Saturday, July 19, 2014

The app life cycle

Caution: Amateur post

Recently, we started playing 'Threes'. And while Clash of Clans was a favourite, interest on it is waning - though it is still in demand. Subway Surfers has long since been forgotten. For a short while Tiny Troopers ruled the roost. Some of the drawing and sketching apps are still in demand - but they are not addictive. And yes, for a while, we did play Dragon box.

First phase, you heard about the app and there is immense curiosity. You want to know the mechanics and you want to get the better of it. This is also the learning phase. With most good apps, this would last a few minutes. If it is boring or 'not good enough' most likely, the interest level drops here itself. Flappy bird did not cross this phase - it was too difficult.

If the interest level is good, one continues. Next phase, is to work through the challenges of the app. Here the experience of the app begins. As you cross the first few levels, life is good and one begins to enjoy the challenges. Push cars and a couple of programming apps kept us hooked through this phase. As did a few initial levels of Cut the rope and Angry birds. This is the most engaging phase perhaps.

At the next level is the plateau and some inflexion points. This is tough. Each level one reaches a plateau - either it takes too much time or it is way too complex and one has to cross those inflexion points. Clash of clans crossed quite a few of them. Dragon box crossed almost all of them. But in many other games, it is just too long - like Tiny Troopers.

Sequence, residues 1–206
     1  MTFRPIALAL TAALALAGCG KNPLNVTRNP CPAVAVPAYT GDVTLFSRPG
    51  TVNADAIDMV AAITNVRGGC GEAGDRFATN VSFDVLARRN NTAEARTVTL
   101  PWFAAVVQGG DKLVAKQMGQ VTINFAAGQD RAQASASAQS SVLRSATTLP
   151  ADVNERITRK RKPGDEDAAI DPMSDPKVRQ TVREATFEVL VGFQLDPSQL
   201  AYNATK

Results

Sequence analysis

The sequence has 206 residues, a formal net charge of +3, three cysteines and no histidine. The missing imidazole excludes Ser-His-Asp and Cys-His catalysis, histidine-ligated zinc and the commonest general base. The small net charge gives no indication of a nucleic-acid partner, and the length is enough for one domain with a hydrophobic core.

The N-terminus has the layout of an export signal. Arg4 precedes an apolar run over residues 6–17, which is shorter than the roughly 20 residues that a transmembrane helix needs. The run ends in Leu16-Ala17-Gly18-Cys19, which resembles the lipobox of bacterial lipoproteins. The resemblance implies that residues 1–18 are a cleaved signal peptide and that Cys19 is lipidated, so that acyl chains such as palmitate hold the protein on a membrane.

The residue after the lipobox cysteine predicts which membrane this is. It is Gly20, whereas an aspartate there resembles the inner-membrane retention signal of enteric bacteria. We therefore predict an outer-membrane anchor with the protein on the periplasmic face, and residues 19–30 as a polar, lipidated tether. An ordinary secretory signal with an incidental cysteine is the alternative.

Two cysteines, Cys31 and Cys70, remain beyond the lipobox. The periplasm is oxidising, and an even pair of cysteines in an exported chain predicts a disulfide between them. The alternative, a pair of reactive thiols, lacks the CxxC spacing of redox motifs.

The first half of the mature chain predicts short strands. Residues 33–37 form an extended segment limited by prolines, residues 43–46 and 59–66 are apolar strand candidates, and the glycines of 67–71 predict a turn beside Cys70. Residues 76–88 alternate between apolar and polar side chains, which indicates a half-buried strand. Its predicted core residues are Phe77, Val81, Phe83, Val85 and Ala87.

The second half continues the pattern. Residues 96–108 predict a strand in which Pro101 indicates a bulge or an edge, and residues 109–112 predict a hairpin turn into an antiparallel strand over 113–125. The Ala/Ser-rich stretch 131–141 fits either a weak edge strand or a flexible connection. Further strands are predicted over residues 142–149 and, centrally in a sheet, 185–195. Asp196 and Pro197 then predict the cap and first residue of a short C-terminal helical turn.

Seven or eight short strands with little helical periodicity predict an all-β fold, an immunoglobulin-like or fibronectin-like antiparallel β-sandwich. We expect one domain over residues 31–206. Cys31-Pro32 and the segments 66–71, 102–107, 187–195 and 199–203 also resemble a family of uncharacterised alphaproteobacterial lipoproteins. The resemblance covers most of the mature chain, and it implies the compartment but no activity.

Most apps give up here and then are consigned to the unused apps bin and from there they get deleted.

The non-addictive apps - like the sketching apps and the photo apps - which are more about the users skills still continue because here the level is in the users mind.

Now to check my amateur theory with some real data!

How not to learn 'computers'

This is a snapshot from the little ones text book on 'Computers'.  Now, computers does not mean that they learn programming. They are learning, of all things, MS Word. And they are learning the theory of MS Word (if there ever can be such a thing) and then working on some lab exercises. 

Now, my take on this is that, it is practically useless. There are concepts one needs to know - and these concepts like indenting text and column breaks are supposed to be learnt when it is to be used. I really do not see the point making children learn by rote such concepts like indenting and then trying to explain it in theory. MS Word will be used by these kids in a few years from now, when they create project documents or something like that. And at that point, they will learn it. There is no dying need for children in class 4 to learn MS Word. Sure, they can play around with computers - and playing around DOES NOT mean Excel and Powerpoint (isnt that what people do in workplaces). 

If there is something to be taught, it is perhaps about a simple programming language, like Scratch that makes programming fun. The way they learn 'computers' today they will most likely grow around to hate it. 

Most likely, this is a 'sponsored program' - a software company must have sponsored it -maybe software, maybe labs - is one possibility. 
Second, the kind of money teachers are paid, it is tough for any school to get any decent programmer to teach its kids - so they go for a check in the box approach and teach MS Word and people think their children are learning something useful.
Third, limited lab time. Schools have a few machines on which each student spends perhaps half an hour a week on the lab - which is but about enough time to copy paste junk from one page to another. 
Fourth, some idiot who decided the syllabus knows MS Word and MS Excel and decided to make it a part of the curriculum.